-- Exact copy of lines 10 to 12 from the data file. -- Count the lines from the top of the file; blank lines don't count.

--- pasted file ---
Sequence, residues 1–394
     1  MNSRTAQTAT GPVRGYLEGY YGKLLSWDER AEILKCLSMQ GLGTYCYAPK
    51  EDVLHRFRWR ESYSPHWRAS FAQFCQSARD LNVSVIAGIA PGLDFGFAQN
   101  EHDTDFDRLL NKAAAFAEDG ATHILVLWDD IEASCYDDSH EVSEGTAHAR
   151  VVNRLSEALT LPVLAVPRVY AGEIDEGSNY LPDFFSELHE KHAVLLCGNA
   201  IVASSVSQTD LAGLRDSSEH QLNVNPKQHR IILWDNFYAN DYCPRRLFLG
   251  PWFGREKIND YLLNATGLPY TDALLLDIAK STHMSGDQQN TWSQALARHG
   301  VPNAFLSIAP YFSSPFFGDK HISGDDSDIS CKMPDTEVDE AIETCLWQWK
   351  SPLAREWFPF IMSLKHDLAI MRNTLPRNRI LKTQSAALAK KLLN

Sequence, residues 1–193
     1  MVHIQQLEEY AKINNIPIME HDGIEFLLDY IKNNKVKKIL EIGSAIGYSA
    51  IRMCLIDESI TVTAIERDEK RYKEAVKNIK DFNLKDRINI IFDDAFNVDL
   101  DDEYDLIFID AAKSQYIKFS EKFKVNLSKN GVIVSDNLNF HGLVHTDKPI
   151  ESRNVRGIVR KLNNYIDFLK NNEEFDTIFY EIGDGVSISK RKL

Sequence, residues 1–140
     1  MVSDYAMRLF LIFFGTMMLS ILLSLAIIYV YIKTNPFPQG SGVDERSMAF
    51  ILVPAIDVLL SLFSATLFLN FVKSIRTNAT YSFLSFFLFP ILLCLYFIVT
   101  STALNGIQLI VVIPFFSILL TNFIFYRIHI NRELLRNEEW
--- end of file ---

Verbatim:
Sequence, residues 1–193
     1  MVHIQQLEEY AKINNIPIME HDGIEFLLDY IKNNKVKKIL EIGSAIGYSA
    51  IRMCLIDESI TVTAIERDEK RYKEAVKNIK DFNLKDRINI IFDDAFNVDL